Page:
Exiled Catalan education minister Clara Ponsatí has left Belgium to relocate to the United Kingdom. She is rejoining Scotland's University of Saint Andrews where she formerly led the School of Economics. She herself announced the news in a tweet on Saturday afternoon, and her words suggest that she has made the move this week.
The catala exile arrives to the United Kingdom: enjoying my freedom of movements as a European citizen, this week I have rejoined the University of St Andrews. pic.twitter.com/dQB8vZMPjk— Clara Ponsatí (@ClaraPonsati) 10 of marzo of 2018
Translation: Catalan exile reaches the UK: enjoying my freedom of movement as a European citizen, this week I have returned to the University of Saint Andrews - Clara Ponsatí
Clara Ponsatí is one of the four Catalan ministers that exiled themselves to Brussels, together with Meritxell Serret, Toni Comín and Lluís Puig, to support their president Carles Puigdemont after the proclamation of the Catalan Republic on 27th October 2017. A European Arrest Warrant for the detention and extradition of all five of the Catalan exiles was issued by Spain's Supreme Court, but later it was withdrawn. Ponsatí's move from Belgium to the United Kingdom raises once again questions about exile status in different countries, and will need to be closely watched. It is unknown if her relocation to the UK will activate any legal processes, although other ministers exiled in Belgium have been able to enter and leave the country without Spain's Supreme Court reactivating the arrest warrants. Carles Puigdemont travelled to Denmark to take part in a conference and Lluís Puig visited the Netherlands and Luxembourg.
From Saint Andrews to the Catalan government
In 2015 Clara Ponsatí became head of the School of Economics and Finance at Saint Andrews, Scotland's oldest university and the third-ranked university in Britain, behind Oxford and Cambridge. Ponsatí occupied the academic position until July 2017, when Carles Puigdemont appointed her to the Catalan cabinet as education minister in the crucial period leading up to the independence referendum of 1st October. She entered the government with an independent status even though she had been a member of the pro-independence Catalan National Assembly (ANC).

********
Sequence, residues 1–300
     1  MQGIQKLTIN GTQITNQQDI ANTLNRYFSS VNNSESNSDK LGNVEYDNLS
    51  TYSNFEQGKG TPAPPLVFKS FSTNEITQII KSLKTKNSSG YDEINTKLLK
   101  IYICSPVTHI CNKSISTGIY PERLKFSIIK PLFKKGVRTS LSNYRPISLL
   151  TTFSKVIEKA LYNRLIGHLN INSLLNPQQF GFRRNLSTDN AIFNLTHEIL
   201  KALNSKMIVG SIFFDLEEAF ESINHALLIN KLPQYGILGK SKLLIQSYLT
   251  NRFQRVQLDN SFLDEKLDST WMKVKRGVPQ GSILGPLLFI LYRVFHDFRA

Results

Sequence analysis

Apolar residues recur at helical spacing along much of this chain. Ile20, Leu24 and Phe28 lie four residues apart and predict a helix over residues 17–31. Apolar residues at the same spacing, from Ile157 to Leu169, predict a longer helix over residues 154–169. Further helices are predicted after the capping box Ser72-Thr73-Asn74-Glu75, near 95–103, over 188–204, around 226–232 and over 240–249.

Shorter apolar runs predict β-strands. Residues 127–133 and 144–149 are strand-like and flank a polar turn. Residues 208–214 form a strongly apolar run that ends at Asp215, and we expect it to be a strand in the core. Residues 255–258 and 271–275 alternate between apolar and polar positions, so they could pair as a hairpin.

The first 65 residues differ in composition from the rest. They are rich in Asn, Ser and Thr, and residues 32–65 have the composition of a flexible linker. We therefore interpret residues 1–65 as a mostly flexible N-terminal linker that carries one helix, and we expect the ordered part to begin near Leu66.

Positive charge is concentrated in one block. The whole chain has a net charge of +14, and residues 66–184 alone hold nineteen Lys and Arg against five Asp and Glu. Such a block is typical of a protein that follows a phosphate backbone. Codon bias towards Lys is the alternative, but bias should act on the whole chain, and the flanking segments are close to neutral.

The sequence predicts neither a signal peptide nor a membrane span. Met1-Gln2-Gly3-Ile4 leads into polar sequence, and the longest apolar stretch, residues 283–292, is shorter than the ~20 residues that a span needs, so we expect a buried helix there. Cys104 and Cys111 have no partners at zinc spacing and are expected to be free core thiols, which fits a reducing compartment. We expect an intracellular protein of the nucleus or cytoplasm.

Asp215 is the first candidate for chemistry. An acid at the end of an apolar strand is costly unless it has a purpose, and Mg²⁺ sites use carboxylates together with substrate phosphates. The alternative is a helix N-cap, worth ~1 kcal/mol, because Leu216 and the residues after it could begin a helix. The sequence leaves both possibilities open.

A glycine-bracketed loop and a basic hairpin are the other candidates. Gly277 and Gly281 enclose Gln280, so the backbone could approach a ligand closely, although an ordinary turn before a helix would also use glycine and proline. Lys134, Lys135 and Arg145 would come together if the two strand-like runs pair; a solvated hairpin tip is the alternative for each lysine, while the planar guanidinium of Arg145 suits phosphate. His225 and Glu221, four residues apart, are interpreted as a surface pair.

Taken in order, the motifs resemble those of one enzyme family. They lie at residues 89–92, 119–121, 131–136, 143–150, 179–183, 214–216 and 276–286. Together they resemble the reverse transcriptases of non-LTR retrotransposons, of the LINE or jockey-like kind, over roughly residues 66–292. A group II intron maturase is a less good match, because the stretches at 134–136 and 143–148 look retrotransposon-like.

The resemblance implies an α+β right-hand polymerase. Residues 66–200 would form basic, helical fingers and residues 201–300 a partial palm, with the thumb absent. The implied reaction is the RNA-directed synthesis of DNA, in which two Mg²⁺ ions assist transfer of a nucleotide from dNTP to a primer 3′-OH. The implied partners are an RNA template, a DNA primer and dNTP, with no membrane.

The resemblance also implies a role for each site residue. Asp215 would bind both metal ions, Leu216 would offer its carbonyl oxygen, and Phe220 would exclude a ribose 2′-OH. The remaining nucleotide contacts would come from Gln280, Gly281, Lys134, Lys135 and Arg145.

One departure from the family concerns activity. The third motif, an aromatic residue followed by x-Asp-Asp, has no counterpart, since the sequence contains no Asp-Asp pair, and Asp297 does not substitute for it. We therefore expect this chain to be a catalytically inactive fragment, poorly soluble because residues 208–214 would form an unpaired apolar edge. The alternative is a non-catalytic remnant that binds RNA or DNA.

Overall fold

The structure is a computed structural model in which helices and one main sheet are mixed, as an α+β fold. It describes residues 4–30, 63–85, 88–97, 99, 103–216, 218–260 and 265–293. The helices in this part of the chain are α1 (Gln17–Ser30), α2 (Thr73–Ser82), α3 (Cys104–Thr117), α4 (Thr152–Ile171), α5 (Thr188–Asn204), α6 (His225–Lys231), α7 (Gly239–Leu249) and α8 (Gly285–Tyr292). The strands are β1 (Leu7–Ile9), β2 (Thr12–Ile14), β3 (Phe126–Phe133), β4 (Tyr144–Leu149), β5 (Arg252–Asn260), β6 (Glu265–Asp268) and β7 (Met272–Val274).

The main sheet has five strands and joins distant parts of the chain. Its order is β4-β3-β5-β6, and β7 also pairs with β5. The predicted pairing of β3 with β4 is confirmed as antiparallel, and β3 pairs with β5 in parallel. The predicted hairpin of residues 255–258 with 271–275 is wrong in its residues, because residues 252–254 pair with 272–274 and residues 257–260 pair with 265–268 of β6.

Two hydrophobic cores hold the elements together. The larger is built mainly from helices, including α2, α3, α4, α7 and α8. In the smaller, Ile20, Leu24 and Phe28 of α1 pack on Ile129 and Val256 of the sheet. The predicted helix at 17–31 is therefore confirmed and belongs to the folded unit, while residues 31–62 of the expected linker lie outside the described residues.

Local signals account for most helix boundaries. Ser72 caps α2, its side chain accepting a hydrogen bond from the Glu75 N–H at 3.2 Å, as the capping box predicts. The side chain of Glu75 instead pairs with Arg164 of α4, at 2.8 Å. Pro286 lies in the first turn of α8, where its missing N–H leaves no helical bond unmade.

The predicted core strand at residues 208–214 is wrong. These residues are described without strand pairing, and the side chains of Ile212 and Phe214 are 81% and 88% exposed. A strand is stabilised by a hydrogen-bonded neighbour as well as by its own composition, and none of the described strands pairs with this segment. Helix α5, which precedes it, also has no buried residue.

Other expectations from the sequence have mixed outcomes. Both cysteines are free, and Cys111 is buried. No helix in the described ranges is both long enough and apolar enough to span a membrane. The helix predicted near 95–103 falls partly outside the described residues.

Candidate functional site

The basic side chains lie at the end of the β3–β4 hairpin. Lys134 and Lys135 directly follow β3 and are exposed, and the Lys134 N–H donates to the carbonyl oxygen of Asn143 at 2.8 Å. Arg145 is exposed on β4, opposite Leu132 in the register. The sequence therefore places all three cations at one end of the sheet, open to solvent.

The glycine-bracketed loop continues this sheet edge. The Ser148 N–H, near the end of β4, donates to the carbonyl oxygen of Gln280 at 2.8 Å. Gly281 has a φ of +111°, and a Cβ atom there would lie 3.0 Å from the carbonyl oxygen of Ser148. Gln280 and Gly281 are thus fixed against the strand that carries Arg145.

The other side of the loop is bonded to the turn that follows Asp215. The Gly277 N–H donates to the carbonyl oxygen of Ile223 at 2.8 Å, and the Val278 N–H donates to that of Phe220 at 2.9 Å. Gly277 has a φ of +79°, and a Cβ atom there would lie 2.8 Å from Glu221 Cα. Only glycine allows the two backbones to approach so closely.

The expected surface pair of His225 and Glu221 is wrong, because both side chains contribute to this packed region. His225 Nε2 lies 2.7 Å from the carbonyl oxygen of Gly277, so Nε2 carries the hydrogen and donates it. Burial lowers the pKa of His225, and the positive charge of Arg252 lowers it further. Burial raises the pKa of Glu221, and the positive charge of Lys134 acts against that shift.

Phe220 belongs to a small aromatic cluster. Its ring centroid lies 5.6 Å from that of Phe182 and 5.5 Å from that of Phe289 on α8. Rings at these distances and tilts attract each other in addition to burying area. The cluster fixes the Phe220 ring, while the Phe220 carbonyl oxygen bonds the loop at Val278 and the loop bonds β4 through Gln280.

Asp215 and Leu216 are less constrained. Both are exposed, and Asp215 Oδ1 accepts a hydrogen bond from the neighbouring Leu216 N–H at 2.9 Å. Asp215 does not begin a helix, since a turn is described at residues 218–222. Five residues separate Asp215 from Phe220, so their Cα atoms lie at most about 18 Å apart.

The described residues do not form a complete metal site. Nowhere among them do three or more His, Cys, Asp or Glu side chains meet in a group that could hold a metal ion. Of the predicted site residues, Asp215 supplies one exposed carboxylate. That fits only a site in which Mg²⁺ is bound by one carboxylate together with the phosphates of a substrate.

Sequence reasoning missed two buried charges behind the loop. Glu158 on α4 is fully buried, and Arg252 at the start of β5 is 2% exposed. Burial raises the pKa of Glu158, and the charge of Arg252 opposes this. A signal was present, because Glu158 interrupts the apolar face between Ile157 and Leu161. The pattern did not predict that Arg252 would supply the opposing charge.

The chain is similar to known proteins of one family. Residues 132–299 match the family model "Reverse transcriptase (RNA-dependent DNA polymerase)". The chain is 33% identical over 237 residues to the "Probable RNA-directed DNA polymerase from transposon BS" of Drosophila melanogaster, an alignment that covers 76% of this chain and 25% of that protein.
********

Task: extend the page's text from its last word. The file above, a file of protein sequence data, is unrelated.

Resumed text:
Ponsatí had previously generated controversy in April 2013 when she denounced the Spanish government for not renewing her position as Prince of Asturias Chair at Georgetown University, Washington DC, because of her pro-independence profile. As an economist, Ponsatí had taken part in a critical documentary on Spain's economic relationship with Catalonia and had made declarations to the TV network Al Jazeera openly favouring public consultation on the question of Catalonia's independence. In fact, Spain's former foreign affairs minister José Manuel García Margallo backed the decision to not renew Ponsatí's appointment: "I do not believe that a chair that bears the name of Prince of Asturias should be used as the basis for encourage secessionist processes contrary to the constitution," he declared - referring to the fact that the Prince of Asturias is the title given to the heir to the Spanish throne. "As long as I am minister this will not happen in any Spanish embassy", said Margallo.